Officials Warn Deadliest Part of Heat Wave Starts Now

After saying government officials need to be prepared for extreme heat now that’s it’s a pattern, Mayor Wheeler later explained why he didn’t make emergency declarations.

In a press conference Friday afternoon, city of Portland and Multnomah County officials said the deadliest part of this week’s heat wave begins now. That’s because Portland is now in the sixth day of a heat wave, and even higher temperatures are expected over the next couple of nights.

The Multnomah County Health Department has identified three suspected heat-related deaths so far this week.

When asked if any details could be shared about the circumstances of those deaths, county officials said they had “scant” details from the medical examiner’s office and didn’t know the deceased’s age, housing circumstances or location.

During last year’s heat dome in late June and into July, 69 Portlanders died from the heat. The majority of them were older and lived alone in non-air conditioned units, with most dying in East Portland in areas with little tree coverage, tall architecture and wide, paved streets—landscapes known as “heat islands.”

Mayor Ted Wheeler appeared on the Friday afternoon call remotely. (He’s vacationing out of town.)

He made a number of contradictory statements about whose responsibility it was to take better care of vulnerable Portlanders.

Wheeler said that the government must consider creating regulations for housing providers to deal with extreme heat, like requiring that residences remain below certain temperatures during heat spells. WW asked the mayor if his administration had created any requirements for city-sponsored housing developers and managers—like the city’s housing authority, Home Forward, in whose buildings six of the 69 Portlanders who died during last year’s heat dome perished—since last year’s heat dome.

Wheeler replied that the commission form of government makes it hard for him to implement such rules.

“As you know, under the commission form of government, I’m not the housing commissioner, I’m not the liaison for the Joint Office of Homeless Services, so I’m just going to speak my mind as a citizen,” Wheeler said. “Back in the day, when I was a younger individual, if you said you had to put requirements around making sure there were cooling requirements in a building, people would’ve laughed at you.”

Three weeks ago, Wheeler told WW that he had overcome the challenges of the commission form of government by making emergency declarations, which gives him authority over bureaus he’s not assigned. Today, WW asked him why he couldn’t do that now.

“That’s actually a real good thought,” Wheeler said. “This is the kind of thing that hasn’t evolved over weeks or months, this is a situation that’s changed day by day.”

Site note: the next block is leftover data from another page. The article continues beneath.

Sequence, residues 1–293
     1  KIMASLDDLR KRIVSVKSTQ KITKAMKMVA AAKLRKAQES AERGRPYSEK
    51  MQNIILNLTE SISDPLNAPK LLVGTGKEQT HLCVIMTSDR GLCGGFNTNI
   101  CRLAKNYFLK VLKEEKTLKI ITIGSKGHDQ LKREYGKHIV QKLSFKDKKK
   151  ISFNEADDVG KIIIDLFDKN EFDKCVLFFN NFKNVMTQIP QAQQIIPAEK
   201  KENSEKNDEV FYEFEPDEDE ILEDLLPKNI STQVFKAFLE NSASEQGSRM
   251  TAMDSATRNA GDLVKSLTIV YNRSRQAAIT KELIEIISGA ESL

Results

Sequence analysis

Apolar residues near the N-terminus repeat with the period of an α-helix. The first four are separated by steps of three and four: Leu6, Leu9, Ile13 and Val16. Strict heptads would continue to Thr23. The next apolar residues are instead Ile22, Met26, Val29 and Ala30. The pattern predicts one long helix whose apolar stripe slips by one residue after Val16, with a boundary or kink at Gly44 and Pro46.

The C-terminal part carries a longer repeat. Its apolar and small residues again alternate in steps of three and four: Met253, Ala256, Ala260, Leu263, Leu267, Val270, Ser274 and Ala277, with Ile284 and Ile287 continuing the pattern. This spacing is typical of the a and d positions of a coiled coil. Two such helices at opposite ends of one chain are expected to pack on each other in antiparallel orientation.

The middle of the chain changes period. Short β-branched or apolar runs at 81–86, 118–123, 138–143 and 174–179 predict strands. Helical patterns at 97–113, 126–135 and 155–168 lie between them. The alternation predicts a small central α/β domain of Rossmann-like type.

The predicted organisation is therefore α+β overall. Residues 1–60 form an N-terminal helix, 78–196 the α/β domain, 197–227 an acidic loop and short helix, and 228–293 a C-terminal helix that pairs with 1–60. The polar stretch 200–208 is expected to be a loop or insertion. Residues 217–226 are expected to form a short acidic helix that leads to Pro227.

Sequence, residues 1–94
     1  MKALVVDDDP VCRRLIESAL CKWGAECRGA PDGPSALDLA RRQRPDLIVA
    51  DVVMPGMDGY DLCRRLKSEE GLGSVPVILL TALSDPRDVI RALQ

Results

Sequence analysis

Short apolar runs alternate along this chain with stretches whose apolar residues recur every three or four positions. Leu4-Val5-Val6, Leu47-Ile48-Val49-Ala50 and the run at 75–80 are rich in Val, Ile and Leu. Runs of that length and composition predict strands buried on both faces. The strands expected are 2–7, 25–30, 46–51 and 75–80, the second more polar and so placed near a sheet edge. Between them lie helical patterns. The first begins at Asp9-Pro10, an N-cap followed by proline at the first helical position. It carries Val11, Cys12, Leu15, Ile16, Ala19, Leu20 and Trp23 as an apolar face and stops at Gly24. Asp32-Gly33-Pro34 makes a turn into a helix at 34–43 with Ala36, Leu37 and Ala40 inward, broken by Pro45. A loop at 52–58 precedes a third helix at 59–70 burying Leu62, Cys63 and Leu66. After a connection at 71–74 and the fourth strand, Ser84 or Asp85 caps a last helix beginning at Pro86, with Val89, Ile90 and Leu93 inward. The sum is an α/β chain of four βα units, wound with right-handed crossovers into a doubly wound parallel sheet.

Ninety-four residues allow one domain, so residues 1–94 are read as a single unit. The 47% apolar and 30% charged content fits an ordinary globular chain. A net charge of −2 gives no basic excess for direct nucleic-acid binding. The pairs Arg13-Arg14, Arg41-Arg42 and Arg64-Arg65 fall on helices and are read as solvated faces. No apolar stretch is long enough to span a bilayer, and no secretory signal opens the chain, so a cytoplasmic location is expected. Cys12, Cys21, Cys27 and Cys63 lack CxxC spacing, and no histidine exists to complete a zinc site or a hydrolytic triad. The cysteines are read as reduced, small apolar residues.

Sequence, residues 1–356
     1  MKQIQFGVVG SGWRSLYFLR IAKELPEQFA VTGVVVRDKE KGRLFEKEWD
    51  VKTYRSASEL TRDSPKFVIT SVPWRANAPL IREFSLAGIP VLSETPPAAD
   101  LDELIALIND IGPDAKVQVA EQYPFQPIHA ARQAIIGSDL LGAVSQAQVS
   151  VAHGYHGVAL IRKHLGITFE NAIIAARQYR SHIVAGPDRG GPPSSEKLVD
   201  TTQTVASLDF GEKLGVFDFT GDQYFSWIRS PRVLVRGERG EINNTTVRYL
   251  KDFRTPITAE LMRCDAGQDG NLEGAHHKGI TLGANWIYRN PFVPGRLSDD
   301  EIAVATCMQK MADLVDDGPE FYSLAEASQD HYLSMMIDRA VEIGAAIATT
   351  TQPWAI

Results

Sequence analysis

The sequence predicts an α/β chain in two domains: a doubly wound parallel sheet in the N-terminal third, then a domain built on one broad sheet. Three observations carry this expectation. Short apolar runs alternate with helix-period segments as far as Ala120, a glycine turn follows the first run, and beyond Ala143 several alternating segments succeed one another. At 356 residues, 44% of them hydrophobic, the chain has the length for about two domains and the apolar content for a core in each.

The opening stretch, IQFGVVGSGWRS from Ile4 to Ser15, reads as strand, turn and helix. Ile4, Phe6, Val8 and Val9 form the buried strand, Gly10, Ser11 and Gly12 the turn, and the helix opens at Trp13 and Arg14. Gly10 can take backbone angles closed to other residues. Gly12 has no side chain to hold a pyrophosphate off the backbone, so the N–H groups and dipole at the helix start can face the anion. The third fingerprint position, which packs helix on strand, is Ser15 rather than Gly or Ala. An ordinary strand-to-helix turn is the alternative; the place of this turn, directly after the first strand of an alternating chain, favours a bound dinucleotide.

He referenced the backlog of air conditioning units funded by taxpayer dollars that only began getting rapidly installed well into this week, and said that, in hindsight, “There’s a lot of guys in white pickup trucks out there. If we just said, ‘Hey, can you come grab two or three units and would you be able to deliver it to someone vulnerable in our community?’ I think a lot of people would’ve said, ‘Yeah, I’ll take time to do that on my way home.’”

“We have to think about this more broadly than just narrowly as a government issue,” Wheeler said. “We have to think about this as a community issue.”

Wheeler added that “we’d be negligent not to” look at further regulations moving forward.

WW asked if it was negligent, then, not to look at new regulations after last year’s heat wave, since Wheeler himself said extreme heat in Portland is a pattern now and should be expected by government officials.

“Yeah, personally I think it was a significant oversight,” Wheeler said, but he followed with: “I think there’s always this knee jerk reaction of ‘What’s the government response going to be?’ during a crisis situation, and too often we leave out people in the community who really want to do something.”

County Chair Deborah Kafoury asked that housing providers and landlords check on residents, provide cool community spaces, and help residents access free rides to cooling shelters set up across the city. The county is continuously sending out text alerts to residents in heat islands and buildings without AC.

“Housing providers, we need you to take this guidance seriously,” Kafoury said.

To find the locations of cooling shelters, check here.

Correction: A previous version of this article said that 10 of those who died lived in Home Forward buildings. In fact, six of those who died did, as WW had previously reported. WW regrets the error.

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